On Pride and Prejudice

Introduction: Flirting with Pride & Prejudice

By Jennifer Crusie

When the good people at BenBella Books asked me to guest edit Flirting with Pride and Prejudice, I jumped at it. Then I thought, “Why did I do that?” It wasn’t because the book’s a classic; they could have offered me Flirting with Bleak House, and would have claimed a previous deadline.

It wasn’t that it was my favorite book; I hadn’t read it in fifteen years, not since I wrote that grad school paper defending Charlotte’s choice of husband. It wasn’t even that it was the mother of all romance novels; I love my genre, but I’m not a slave to it. So I thought about what it is that makes Pride and Prejudice such a prom queen of a topic, not only for me but for all the writers who signed on to write about it and all the readers who were going to pick this anthology up to read about it (that would be you).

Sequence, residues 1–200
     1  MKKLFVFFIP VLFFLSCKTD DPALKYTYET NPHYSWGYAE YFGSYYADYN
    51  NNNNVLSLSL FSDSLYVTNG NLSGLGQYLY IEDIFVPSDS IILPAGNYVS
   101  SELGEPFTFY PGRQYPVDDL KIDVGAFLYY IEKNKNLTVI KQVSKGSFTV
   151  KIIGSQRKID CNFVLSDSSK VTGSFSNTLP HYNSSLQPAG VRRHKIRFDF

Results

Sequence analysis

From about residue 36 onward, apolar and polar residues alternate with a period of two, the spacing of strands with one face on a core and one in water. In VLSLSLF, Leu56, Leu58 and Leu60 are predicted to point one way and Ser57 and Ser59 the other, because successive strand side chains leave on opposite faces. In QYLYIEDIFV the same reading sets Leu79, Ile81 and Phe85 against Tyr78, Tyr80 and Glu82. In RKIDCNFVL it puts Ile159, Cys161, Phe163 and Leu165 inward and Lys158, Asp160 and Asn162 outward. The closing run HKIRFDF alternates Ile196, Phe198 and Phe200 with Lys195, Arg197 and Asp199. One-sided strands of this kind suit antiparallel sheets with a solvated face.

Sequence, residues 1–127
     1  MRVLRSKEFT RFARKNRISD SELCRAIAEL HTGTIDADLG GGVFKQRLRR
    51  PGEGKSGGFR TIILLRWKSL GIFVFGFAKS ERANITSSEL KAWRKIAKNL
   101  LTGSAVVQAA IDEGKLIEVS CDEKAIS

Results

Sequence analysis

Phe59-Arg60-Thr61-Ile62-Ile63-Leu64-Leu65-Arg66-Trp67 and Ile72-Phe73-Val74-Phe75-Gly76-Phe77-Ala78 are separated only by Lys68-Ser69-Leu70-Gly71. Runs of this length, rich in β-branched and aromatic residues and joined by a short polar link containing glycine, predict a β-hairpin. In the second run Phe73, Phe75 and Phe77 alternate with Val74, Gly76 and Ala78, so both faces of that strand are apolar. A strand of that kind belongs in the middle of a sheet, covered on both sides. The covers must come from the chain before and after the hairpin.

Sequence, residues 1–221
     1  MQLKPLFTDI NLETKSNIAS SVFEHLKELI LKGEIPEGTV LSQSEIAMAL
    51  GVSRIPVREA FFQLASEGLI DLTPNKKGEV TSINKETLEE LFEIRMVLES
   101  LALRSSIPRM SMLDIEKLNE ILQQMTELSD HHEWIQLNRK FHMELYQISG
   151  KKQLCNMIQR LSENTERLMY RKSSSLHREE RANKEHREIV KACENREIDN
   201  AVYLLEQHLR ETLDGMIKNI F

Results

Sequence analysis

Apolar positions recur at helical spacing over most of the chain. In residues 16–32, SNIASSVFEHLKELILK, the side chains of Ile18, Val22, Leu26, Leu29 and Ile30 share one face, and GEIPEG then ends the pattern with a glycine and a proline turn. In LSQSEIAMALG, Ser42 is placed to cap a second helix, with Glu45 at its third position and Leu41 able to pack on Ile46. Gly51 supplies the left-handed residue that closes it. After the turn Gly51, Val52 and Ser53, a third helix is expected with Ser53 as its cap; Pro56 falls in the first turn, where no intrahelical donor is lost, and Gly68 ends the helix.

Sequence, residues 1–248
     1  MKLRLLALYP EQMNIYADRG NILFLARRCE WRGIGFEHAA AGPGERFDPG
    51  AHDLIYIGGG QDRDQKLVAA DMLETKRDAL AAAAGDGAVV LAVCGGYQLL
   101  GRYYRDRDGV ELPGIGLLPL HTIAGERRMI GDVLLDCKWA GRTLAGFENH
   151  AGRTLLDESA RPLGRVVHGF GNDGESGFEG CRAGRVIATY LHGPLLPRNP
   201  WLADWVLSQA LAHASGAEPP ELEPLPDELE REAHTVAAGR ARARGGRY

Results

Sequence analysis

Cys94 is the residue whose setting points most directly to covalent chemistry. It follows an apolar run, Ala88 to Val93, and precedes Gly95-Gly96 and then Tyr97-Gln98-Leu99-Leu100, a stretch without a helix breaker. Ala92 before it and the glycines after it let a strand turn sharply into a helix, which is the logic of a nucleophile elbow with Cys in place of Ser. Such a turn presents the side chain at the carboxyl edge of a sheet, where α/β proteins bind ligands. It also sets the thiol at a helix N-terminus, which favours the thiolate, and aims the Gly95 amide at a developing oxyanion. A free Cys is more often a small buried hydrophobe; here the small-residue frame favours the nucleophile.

To begin with, there’s the author: Our Jane. People get passionate about Austen: the purity of her prose, the vividness of her characters, the reverberation of her underlying nineteenth-century snark. She wrote of a time, but also beyond it; her voice continues to enchant and enthrall; she’s one of the Top Ten Dead People We’d Like to Have Dinner With. But if the BenBella people had offered me Flirting with Emma, I would still have had a pressing deadline.

So maybe it’s the characters: poor but proud Elizabeth; rich and proud Darcy; suffering  …

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